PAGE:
“Japan has faced chronically weak aggregate demand and a permanent output gap for most of the past three decades. […] further efforts are needed to strengthen wage growth, sustain price momentum, and support aggregate demand. [Moreover] Japan’s working-age population is projected to decline by about 30% between 2020 and 2050, so the support to potential growth from employment will weaken unless further steps are taken to boost the labour supply.” - Stefan Angrick, senior economist at Oxford Economics

4. Germany: USD 4.9 trillion in 2024

Germany is projected to cling onto fourth place, with nominal GDP of USD 4.6 trillion. The country weathered the Covid-19 crisis better than many other developed economies, and going forward, activity should be aided by robust manufacturing and a supportive fiscal stance. However, like Japan, the country’s unfavorable demographics will weigh on economic momentum in the coming years.

“The German economy still performed better than most of its European peers [in 2020]. Relatively light and shorter lockdowns than in the spring, staycations in the summer, strong fiscal stimulus (though only a fraction of the announced stimulus has been used so far) as well as the economy’s strong manufacturing basis have been the main drivers.” - Carsten Brzeski, head of global macro at ING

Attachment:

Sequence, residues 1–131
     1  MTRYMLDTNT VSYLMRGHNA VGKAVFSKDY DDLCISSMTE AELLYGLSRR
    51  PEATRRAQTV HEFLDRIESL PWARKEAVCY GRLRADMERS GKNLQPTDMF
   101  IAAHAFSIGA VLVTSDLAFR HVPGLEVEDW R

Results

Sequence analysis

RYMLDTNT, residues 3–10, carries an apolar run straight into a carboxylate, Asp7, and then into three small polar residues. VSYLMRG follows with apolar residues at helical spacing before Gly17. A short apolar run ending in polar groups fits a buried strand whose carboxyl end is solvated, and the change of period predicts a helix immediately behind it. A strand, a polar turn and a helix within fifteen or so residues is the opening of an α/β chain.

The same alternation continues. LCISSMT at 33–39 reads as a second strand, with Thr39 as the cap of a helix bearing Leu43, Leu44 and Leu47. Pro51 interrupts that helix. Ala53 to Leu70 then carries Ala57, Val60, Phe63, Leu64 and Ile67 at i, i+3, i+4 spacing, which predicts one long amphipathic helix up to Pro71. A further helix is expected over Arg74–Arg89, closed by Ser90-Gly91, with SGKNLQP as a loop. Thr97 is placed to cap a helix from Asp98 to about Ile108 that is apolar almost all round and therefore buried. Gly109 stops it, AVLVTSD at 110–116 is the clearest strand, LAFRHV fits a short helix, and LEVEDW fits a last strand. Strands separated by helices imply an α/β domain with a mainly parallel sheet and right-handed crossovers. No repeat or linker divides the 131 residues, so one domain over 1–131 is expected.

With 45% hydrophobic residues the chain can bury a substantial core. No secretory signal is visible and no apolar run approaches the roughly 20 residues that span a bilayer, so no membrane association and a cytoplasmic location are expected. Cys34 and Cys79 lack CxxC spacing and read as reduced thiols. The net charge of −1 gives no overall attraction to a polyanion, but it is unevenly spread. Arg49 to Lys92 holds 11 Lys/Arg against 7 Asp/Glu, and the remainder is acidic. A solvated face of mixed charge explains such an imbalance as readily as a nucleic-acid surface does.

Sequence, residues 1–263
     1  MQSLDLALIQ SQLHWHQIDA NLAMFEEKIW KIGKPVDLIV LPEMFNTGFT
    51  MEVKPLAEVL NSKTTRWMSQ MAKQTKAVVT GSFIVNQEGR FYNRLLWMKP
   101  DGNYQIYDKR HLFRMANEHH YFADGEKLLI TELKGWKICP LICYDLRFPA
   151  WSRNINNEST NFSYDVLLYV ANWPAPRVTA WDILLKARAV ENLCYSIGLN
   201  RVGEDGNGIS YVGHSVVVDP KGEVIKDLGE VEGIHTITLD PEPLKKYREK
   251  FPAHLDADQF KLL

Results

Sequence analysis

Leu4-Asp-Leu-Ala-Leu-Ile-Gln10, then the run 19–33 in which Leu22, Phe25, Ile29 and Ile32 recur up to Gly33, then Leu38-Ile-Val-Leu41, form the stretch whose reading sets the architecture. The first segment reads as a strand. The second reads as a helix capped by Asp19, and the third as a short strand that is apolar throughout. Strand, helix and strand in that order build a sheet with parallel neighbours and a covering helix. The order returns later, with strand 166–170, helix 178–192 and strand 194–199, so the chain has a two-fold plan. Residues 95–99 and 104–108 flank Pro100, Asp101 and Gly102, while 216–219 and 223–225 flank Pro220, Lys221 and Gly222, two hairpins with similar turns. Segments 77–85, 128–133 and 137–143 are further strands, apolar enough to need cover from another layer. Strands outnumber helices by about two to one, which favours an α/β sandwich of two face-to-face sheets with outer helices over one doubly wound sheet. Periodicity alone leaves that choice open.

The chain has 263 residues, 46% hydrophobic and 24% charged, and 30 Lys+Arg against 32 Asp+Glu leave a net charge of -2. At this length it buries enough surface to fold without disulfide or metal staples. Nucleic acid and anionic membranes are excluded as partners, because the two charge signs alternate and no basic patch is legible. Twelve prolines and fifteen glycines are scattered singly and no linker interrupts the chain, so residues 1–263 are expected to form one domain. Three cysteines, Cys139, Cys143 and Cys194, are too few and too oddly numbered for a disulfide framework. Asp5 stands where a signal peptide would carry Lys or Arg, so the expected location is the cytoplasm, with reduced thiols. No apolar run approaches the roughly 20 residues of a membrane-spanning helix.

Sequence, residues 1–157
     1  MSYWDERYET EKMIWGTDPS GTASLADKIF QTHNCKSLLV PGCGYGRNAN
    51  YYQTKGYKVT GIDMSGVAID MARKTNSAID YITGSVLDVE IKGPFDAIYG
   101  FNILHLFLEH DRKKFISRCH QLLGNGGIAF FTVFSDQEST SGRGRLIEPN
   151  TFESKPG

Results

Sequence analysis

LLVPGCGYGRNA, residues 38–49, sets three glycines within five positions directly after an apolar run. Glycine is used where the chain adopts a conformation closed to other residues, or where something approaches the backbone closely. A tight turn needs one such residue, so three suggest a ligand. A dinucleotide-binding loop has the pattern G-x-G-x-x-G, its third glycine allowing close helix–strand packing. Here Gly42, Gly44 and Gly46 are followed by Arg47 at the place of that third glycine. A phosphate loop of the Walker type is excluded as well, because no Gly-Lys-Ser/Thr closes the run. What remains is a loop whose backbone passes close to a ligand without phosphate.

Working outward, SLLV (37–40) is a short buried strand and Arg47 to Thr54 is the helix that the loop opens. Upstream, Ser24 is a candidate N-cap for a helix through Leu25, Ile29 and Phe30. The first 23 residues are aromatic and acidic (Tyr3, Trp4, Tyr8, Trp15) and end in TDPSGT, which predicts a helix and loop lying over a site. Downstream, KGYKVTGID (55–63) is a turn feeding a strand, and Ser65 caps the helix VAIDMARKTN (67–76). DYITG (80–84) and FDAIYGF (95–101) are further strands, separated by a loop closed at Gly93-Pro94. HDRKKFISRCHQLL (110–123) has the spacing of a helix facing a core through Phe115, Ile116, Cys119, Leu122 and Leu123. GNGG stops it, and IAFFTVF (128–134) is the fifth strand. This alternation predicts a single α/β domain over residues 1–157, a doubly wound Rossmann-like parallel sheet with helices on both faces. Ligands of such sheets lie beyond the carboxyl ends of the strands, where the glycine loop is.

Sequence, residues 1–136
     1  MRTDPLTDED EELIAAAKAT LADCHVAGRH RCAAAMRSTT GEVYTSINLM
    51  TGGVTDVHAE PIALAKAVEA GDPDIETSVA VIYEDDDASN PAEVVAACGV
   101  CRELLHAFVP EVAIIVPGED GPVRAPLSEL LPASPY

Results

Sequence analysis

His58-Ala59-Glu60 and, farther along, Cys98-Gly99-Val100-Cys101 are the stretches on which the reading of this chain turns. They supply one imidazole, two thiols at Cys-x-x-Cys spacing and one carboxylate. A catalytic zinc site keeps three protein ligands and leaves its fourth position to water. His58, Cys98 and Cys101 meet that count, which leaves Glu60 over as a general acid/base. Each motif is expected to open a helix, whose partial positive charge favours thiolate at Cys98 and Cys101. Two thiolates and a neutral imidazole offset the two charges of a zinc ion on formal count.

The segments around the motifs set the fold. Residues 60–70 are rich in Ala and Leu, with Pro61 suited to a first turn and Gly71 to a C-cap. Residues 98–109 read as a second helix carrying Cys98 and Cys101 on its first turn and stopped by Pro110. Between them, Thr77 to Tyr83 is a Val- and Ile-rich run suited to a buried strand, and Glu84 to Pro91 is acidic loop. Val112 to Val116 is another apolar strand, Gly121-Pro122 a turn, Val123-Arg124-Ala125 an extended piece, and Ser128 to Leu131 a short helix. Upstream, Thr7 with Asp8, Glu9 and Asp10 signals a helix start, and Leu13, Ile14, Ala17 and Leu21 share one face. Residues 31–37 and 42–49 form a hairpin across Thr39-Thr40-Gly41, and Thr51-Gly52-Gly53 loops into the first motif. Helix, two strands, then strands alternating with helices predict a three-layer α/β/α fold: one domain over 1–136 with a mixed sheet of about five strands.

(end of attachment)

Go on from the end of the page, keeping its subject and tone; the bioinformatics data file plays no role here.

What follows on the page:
5. India: USD 4.9 trillion in 2024

India is set to become the world’s fifth largest economy by 2024, with nominal GDP of USD 3.7 trillion, overtaking both France and the UK. While the country was hit hard by the Covid-19 pandemic and an ensuing harsh lockdown, the impact of the pandemic appears to be lessening, and recent economic signs are encouraging. Growth will be spurred in the coming years by surging consumption, investment and exports, while structural reforms pose an upside risk. That said, the decision in late 2019 to bow out of the Regional Comprehensive Economic Partnership—a free-trade pact recently agreed between ASEAN, Australia, China, Japan, New Zealand and South Korea—could hamper the external sector somewhat. Moreover, shaky infrastructure and a weak banking sector will act as impediments to growth.

“The government's majority in the lower house will give it flexibility in determining the economic policy agenda. The parliament has already passed substantial structural reforms as it looks to support economic growth. The lockdown will amplify the mounting issue of non-performing loans (NPLs) in the banking and non-bank financial institutions (NBFI) sector. The government will recapitalise some major banks and is also likely to arrange further consolidation of the sector, focusing on banks that are highly strained.” - Economist Intelligence Unit


Originally published in December 2017, updated in February 2021

Disclaimer: The views and opinions expressed in this article are those of the authors and do not necessarily reflect the opinion of FocusEconomics S.L.U. Views, forecasts or estimates are as of the date of the publication and are subject to change without notice. This report may provide addresses of, or contain hyperlinks to, other internet websites. FocusEconomics S.L.U. takes no responsibility for the contents of third party internet websites.

Author: Oliver Reynolds, Economist

Date: February 16, 2021

Twitter @FocusEconomics